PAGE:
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Desulfurization of cysteine-containing peptides resulting from sample preparation for protein characterization by mass spectrometry

Authors

  • Zhouxi Wang,

    1. Barnett Institute and Department of Chemistry and Chemical Biology, Northeastern University, Boston, MA 02115, USA
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  • Tomas Rejtar,

    1. Barnett Institute and Department of Chemistry and Chemical Biology, Northeastern University, Boston, MA 02115, USA
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  • Zhaohui Sunny Zhou,

    1. Barnett Institute and Department of Chemistry and Chemical Biology, Northeastern University, Boston, MA 02115, USA
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  • Barry L. Karger

    Corresponding author
    1. Barnett Institute and Department of Chemistry and Chemical Biology, Northeastern University, Boston, MA 02115, USA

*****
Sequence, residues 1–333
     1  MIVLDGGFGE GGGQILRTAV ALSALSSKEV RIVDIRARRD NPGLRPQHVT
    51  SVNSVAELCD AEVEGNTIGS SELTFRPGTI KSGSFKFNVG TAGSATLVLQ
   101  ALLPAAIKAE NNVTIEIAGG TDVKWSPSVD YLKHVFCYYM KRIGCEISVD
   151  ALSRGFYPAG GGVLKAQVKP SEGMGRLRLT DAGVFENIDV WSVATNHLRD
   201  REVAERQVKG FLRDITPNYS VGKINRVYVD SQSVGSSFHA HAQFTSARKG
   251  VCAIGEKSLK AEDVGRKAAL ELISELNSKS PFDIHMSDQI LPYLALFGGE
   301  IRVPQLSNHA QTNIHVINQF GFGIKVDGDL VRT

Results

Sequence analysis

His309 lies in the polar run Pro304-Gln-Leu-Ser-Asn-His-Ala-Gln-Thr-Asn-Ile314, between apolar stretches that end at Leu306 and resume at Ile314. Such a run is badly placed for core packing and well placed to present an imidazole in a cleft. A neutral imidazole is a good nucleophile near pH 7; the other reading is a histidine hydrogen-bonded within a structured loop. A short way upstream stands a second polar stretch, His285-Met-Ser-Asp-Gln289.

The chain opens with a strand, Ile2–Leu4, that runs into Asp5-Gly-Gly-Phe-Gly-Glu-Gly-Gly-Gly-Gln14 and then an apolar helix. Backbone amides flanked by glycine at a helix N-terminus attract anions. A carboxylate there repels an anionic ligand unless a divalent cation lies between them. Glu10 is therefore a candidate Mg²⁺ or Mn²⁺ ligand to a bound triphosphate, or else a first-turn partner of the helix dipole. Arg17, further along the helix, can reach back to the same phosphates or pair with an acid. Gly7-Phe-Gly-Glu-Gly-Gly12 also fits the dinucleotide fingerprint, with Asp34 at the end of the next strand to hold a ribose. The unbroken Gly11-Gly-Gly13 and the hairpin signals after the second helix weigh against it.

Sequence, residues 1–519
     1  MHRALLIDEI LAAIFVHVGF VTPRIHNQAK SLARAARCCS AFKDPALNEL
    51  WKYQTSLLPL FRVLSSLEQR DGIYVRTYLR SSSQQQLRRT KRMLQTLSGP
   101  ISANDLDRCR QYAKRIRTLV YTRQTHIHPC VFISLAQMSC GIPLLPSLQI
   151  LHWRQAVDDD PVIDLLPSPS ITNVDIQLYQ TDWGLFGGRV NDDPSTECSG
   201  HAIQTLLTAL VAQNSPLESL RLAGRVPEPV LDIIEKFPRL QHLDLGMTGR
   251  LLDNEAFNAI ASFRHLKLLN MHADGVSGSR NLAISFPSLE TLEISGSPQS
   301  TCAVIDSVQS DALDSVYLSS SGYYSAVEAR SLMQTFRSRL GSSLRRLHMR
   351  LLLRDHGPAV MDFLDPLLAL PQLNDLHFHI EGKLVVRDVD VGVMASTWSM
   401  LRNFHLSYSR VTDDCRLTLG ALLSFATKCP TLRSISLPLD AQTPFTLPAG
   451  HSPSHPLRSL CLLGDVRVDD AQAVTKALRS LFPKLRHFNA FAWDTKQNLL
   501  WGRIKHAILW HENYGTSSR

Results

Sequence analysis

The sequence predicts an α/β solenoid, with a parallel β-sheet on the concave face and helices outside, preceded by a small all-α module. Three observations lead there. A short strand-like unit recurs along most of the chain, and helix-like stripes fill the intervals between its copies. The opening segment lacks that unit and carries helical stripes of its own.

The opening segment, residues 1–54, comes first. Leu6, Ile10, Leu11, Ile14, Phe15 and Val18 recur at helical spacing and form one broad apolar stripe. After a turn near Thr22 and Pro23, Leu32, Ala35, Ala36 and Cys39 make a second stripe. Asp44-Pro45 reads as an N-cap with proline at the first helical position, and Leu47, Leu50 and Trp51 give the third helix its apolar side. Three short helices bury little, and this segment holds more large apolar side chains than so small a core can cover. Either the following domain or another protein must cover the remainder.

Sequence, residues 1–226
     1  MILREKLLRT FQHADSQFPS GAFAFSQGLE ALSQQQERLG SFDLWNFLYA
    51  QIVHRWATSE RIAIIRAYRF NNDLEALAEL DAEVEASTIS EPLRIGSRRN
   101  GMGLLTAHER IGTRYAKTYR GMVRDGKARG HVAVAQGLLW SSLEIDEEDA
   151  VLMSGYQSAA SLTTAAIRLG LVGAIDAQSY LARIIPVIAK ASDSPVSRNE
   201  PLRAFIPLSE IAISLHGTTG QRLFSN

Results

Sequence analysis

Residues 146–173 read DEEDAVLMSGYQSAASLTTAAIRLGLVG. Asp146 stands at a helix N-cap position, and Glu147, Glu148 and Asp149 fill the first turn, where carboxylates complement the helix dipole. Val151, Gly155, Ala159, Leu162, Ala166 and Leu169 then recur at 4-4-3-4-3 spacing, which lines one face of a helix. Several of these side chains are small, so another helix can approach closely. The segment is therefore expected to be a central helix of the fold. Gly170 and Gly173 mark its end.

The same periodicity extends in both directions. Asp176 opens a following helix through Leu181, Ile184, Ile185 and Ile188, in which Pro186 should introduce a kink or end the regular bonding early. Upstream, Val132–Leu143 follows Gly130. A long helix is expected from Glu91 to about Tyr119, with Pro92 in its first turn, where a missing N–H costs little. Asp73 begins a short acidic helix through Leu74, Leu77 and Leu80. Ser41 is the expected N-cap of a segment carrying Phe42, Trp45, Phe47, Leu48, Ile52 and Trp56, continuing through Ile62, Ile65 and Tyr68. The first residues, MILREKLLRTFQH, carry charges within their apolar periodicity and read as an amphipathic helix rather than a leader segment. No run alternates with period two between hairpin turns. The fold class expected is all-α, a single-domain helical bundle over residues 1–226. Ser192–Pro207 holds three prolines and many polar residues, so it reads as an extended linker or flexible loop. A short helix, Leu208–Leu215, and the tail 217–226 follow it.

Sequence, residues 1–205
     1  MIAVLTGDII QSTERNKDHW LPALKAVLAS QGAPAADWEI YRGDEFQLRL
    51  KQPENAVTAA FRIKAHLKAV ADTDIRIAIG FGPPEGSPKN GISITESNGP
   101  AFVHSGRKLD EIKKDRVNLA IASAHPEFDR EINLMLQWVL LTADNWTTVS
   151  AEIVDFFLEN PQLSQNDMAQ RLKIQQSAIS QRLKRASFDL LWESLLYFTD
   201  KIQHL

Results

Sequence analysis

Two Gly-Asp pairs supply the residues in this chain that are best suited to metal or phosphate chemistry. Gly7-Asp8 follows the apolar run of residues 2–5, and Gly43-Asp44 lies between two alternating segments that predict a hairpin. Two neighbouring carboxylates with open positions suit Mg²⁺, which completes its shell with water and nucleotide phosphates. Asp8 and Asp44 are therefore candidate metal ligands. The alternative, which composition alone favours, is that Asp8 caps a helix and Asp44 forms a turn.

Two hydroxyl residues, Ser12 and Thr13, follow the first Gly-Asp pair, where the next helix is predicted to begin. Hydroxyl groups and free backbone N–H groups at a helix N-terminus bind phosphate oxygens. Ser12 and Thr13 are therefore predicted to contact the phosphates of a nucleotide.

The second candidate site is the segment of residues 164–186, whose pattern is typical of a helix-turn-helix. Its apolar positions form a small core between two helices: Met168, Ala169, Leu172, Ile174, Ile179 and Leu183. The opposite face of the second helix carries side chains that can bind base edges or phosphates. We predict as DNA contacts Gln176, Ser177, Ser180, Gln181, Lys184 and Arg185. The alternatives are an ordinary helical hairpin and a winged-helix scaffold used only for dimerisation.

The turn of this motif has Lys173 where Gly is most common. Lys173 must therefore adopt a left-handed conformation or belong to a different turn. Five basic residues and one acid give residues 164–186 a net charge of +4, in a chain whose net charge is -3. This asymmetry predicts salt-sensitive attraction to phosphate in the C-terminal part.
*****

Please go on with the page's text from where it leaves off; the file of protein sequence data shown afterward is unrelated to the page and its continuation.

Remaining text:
• Barnett Institute and Department of Chemistry and Chemical Biology, Northeastern University, Boston, MA 02115, USA.
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Abstract

In this study, we have examined two cysteine modifications resulting from sample preparation for protein characterization by mass spectrometry (MS): (1) a previously observed conversion of cysteine into dehydroalanine, now found in the case of disulfide mapping and (2) a novel modification corresponding to conversion of cysteine into alanine. Using model peptides, the conversion of cysteine into dehydroalanine via β-elimination of a disulfide bond was seen to result from the conditions of typical tryptic digestion (37°C, pH 7.0–9.0) without disulfide reduction and alkylation. Furthermore, the surprising conversion of cysteine into alanine was shown to occur by heating cysteine-containing peptides in the presence of a phosphine (tris(2-carboxyethyl)phosphine hydrochloride (TCEP)). The formation of alanine from cysteine, investigated by performing experiments in H2O or D2O, suggested a radical-based desulfurization mechanism unrelated to β-elimination. Importantly, an understanding of the mechanism and conditions favorable for cysteine desulfurization provides insight for the establishment of improved sample preparation procedures of protein analysis. Copyright © 2010 John Wiley & Sons, Ltd.

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